It sounds like they have quite the lineup at Chautauqua Institution. Check out this summary of Chris Stedman’s talk http://chqdaily.com/2013/07/05/stedman-lets-be-sure-the-nonreligious-are-a-part-of-this-conversation/.

Shane Claiborne on love

Claiborne claimed that Christians sometimes have been the biggest obstacle of bringing God’s love to the world — they have had too much to say with their mouths and so little to show of God’s love with their lives.

Shane Claiborne hits the nail on the head, addressing the perception of Christians and the need to communicate love. http://chqdaily.com/2013/07/07/claiborne-calls-for-christianity-to-be-loving-again/

Rachel Held Evans on Biblical Literalism and Judgmentalism

Rachel Held Evans thoughtfully discusses Biblical interpretation and judgmentalism in “Everyone’s a Biblical Literalist Until you Bring up Gluttony.”

It’s hard to “other” the people we know and love the most. It’s become a cliché, but everything changes when it’s your brother or sister who gets divorced, when it’s your son or daughter who is gay, when it’s your best friend who struggles with addiction, when it’s your husband or wife asking some good questions about Christianity you never thought about before. Our relationships have a tendency to destroy our categories, to melt black and white into gray, and I don’t think God is disappointed or threatened by this.

How can we apply this to our relationships (or lack thereof) with those of other religious and secular identities?

From polemicist to peacemaker

John publicity photo

John W. Morehead
Guest Author

Recently Greg Damhorst asked me if I’d be interested in submitting an essay to the relaunch of Faith Line Protestants, and I was all too happy to do so. The topic I wanted to interact with is my theology of interfaith cooperation, and where I find my motivation to engage in this process the way that I do.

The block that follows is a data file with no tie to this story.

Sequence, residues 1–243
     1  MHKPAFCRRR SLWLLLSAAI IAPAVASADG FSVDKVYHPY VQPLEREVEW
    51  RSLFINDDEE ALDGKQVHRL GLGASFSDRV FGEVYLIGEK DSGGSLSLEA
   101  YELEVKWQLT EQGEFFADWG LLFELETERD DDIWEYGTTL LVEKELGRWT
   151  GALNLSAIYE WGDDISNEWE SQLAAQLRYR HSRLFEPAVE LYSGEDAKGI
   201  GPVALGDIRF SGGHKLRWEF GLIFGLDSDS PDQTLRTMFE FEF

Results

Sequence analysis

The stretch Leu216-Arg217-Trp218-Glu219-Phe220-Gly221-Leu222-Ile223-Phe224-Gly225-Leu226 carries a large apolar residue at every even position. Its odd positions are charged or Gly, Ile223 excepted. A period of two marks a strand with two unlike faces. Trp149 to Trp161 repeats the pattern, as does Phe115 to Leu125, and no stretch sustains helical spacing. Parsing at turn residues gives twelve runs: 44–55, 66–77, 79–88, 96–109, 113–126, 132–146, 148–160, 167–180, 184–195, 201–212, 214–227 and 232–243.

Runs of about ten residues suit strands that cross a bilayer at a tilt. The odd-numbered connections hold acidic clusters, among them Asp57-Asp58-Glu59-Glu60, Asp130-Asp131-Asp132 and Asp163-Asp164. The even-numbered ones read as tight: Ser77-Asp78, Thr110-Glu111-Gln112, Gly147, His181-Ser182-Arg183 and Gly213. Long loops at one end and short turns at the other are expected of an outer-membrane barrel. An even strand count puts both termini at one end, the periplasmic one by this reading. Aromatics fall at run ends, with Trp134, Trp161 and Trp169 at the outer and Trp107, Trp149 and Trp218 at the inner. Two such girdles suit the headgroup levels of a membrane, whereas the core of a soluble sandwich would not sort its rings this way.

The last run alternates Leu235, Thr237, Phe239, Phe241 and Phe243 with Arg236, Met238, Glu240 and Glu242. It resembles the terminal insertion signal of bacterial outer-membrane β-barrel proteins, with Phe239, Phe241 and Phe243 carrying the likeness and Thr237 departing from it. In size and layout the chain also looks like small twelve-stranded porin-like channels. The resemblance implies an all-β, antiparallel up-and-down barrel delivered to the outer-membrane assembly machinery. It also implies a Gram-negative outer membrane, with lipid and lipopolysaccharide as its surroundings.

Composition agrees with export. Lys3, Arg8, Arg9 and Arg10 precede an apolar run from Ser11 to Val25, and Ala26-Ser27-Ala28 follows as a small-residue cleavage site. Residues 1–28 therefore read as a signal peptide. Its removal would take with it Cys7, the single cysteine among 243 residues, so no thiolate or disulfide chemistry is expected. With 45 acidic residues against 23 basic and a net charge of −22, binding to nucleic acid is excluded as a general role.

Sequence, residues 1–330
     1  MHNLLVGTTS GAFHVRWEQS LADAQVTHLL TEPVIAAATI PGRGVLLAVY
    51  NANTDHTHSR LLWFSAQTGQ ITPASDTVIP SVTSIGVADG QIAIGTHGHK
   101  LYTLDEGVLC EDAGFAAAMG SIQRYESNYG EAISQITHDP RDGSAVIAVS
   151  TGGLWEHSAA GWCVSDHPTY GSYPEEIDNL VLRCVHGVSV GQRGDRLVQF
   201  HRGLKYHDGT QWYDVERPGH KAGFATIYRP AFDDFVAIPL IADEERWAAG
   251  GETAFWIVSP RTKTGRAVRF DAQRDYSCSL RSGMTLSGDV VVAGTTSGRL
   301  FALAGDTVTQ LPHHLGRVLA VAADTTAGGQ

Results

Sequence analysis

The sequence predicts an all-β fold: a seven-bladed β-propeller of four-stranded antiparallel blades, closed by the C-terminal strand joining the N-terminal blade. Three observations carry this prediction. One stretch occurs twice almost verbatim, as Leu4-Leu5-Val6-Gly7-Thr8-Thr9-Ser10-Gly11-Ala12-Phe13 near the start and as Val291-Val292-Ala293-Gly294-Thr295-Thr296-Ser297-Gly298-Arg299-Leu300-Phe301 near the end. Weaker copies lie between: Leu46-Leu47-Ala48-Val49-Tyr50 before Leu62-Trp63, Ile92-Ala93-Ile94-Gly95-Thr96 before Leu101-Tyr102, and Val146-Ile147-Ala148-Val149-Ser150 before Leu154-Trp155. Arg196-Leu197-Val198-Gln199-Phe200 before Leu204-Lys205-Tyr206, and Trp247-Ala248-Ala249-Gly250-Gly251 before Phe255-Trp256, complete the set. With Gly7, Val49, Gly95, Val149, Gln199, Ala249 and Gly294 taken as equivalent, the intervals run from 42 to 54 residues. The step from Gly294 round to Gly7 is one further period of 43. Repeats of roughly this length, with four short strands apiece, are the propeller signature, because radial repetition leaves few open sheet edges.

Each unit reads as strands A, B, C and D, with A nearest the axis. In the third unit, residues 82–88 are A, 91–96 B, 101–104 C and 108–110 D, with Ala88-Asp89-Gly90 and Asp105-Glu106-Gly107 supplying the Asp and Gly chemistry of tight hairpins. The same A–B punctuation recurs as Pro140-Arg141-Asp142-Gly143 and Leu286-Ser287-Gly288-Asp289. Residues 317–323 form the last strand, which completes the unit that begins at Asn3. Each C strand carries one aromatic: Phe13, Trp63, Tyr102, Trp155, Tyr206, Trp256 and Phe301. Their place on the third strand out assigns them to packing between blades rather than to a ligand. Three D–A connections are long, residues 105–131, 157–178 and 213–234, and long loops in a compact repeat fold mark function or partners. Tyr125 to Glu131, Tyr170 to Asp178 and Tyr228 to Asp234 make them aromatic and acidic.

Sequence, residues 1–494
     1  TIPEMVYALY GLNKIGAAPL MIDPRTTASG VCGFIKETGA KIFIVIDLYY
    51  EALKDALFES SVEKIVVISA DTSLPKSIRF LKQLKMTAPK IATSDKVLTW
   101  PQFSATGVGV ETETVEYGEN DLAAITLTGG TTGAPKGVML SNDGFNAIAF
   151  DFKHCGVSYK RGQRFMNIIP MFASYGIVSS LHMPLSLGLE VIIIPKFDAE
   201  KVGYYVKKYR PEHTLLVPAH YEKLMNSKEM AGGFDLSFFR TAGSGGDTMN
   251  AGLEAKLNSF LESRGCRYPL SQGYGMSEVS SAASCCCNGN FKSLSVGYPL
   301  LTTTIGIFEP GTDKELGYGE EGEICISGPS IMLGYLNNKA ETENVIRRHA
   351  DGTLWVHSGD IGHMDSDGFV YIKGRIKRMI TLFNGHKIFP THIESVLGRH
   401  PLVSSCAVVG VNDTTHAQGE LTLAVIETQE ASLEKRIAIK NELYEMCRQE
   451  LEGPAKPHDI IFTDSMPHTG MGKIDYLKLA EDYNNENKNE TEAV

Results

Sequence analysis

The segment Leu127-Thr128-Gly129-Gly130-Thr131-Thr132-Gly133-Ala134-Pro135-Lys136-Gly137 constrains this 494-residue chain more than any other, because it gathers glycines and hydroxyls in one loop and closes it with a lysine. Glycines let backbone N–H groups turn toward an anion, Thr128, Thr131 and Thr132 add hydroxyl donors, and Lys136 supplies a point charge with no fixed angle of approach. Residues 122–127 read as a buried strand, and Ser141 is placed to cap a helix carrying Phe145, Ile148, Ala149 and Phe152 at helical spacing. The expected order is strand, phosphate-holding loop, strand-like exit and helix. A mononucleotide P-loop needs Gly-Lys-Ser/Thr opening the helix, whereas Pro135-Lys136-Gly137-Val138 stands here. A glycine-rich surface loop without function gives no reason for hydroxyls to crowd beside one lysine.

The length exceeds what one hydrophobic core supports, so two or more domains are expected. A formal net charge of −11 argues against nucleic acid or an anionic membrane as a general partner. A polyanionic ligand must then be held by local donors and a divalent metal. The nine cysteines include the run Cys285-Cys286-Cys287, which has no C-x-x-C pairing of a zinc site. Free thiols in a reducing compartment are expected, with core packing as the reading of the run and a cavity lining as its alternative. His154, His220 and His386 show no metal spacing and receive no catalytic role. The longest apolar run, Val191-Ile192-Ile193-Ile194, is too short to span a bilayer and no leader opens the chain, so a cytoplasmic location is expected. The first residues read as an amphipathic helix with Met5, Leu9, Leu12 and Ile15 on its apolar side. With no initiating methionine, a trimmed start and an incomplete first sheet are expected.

I am in a very different place in regards to interreligious encounters than I was years ago. Previously I worked for one of the larger ministries addressing “cults,” those new religions considered heresies, and toward which an apologetic refutation was presented, often in the name of evangelism. This seemed like the best and most biblical way to engage members of such groups, and I spent countless hours with Mormons, Jehovah’s Witnesses, and others, exploring and refuting their doctrine from my Evangelical perspective. I also taught many Christians to do the same as a guest speaker in churches across the country.

But I have always been fairly self-critical, and widely read, and this eventually led to discomfort with this confrontational way of engagement. The more I set aside popular apologetic volumes and read the history of Christian missions, missiology, sociology of religion, and religious studies, the more I felt like I was creating a caricature of various religious groups, and being needlessly confrontational in interaction with their adherents. I eventually experienced a paradigm shift, moving from “cults” to cultures, and came to see people in new religions, and world religions too, not so much as members of deviant religious systems, but as people involved in dynamic religious cultures.

But perhaps the most significant motivation for me in my current way of engaging those of other religions is Jesus. I recognize that no matter how a Christian interacts with Muslims, Mormons or whoever, they believe they are doing so in a way that reflects Christ. But many times our assumptions here don’t line up with the reality of the Gospels. Yes, there are times when Jesus uses rebuke, such as with the Jewish religious leaders, but we’ve been applying such texts out of context. A fresh reading of the Gospels shows that Jesus’ harsh rhetoric is reserved for those leaders inside his own religious community (Mt. 23:27). To the marginalized and the outsider he offers compassion.

This is most striking with a consideration of Jesus and his encounters with Gentiles and Samaritans. Jesus’ encounter with the Samaritan woman (John 4:4-42) is especially illustrative. He breaks with his own religious community’s taboos concerning a frowned upon religion, he informed about his conversation partner’s religion and culture, he demonstrates respect rather than denunciation (while retaining disagreement), and his exchange involves listening as well as presentation.

Through a careful reassessment of the example of Jesus I came to embrace a different way of interreligious engagement. My concern for orthodoxy has not diminished, but my confrontational orthopathy (theology of emotion and attitude) has transformed into a benevolent one. In my shift from polemics to peacemaker (Mt. 5:9) and ambassador (2 Cor. 5:20) I now try to pursue more faithfully the imitation of Christ in our multi-faith world.

Principled Pluralism: The Challenge of Religious Diversity in 21st Century America

Eboo Patel, Jim Wallis and Meryl Chertoff discuss last week’s Aspen Ideas Festival and the challenge of religious diversity on HuffPost Religion.

Religious differences can be a potent source of social tension, as evidenced by bloody conflicts from Belfast to the Balkans to Baghdad. However, as with race and gender, religious diversity is a source of strength and richness when properly engaged.

Read it here.